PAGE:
Inline spinners have long been a staple in the tackle boxes of anglers across the country, and with good reason. They can be used with great effectiveness on a number of species, they’re available in a wide variety of patterns and sizes, and they simply catch fish. Today, we’ll learn a little more about the Anatomy of inline spinners to gain some more insight as to what makes up these incredible lures.

An inline spinner is designed to imitate the flash and movement of a small bait fish as it moves through the water. It accomplishes this task exceedingly well, thanks to a blade attached near the head of the bait that spins rapidly during the retrieve or when drifted against current. The flash created by the blade appeals to a fish’s predatory instincts to strike. Blades come in several color patterns—copper, gold, silver, black with yellow spots, white—and can also be hammered to create a different type of water displacement.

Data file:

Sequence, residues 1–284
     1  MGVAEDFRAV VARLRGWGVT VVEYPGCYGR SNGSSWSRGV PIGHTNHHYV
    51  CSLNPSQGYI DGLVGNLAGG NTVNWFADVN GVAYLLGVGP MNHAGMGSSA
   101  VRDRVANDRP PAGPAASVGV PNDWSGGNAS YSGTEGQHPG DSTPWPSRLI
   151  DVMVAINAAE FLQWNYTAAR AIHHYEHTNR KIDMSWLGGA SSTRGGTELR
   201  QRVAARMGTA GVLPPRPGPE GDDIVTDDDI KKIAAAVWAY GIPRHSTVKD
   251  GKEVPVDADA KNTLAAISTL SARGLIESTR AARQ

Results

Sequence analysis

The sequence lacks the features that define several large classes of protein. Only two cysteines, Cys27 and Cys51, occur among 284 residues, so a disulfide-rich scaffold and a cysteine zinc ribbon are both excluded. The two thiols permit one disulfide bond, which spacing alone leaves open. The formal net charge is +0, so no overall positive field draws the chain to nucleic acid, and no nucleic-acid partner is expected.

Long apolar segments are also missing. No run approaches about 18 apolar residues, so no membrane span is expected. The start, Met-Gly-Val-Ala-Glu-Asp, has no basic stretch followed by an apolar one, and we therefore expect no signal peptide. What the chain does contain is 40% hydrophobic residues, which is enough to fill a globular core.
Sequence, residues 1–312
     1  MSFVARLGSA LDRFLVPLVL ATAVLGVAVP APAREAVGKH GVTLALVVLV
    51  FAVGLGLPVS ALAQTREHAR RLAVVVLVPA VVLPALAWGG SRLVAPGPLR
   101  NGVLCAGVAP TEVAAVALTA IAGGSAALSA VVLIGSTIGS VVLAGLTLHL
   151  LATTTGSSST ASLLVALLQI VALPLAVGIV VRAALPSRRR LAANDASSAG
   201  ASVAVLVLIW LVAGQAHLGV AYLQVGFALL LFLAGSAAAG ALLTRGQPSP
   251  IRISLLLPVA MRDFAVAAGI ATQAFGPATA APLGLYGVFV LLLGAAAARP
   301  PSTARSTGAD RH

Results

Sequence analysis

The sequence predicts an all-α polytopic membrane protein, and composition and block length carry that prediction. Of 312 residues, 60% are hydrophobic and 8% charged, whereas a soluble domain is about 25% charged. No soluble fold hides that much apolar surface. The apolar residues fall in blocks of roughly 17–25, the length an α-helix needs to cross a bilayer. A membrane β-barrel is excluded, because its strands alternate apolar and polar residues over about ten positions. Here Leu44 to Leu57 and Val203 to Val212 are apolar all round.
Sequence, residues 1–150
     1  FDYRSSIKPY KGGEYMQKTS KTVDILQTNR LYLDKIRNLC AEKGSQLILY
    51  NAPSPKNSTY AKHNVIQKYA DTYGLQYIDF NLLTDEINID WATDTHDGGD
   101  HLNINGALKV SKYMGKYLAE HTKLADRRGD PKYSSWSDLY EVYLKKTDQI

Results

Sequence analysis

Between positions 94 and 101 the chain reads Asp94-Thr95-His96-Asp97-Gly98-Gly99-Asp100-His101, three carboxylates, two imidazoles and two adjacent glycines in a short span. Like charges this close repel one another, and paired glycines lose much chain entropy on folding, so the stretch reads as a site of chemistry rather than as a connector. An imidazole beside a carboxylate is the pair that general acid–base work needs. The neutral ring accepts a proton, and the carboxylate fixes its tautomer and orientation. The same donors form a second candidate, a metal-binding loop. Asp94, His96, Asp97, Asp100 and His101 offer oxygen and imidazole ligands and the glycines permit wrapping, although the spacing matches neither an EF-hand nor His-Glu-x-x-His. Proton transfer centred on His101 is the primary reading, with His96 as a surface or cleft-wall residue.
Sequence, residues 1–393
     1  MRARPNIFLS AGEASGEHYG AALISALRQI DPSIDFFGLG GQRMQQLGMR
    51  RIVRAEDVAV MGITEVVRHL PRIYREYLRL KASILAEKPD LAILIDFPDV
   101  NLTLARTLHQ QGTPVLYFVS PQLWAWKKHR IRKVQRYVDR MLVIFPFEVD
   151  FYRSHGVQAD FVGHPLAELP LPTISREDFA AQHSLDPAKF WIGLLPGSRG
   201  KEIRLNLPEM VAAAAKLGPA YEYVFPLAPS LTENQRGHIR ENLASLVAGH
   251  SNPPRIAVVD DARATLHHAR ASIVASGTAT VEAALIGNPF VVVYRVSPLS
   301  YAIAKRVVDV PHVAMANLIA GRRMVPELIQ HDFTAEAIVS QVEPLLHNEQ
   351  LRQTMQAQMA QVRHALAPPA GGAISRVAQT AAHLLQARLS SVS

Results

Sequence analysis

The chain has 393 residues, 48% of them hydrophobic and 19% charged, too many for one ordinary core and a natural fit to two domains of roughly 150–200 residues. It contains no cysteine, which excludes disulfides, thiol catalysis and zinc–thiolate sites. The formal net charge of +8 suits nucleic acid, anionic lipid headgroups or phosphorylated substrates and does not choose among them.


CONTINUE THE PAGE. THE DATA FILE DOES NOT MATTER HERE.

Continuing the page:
The body of most inline spinners consists of a combination of plastic or metal beads and a body piece. These components combine to create some noise in the water and give the bait some bulk to get it out there and into the strike zone.

Bringing up the end of the inline spinner is a treble hook. However, some models also include bucktail that pulses in the water, as well. Larger inline spinners designed for pike and muskie are known for incorporating this feature. A small diameter stainless steel wire is used to hold the components of the inline spinner together.

These components together create a lure that casts like a bullet and slices through the water with a flash that that drives fish crazy. If you’re looking for a good gift for the angler in your family, or just interested in restocking your tackle box with solid options, inline spinners and inline spinner kits are a safe bet. Whether you’re on the river for trout or fishing a farm pond for that big lunker, inline spinners are a sure-fire way to catch fish. Plain and simple.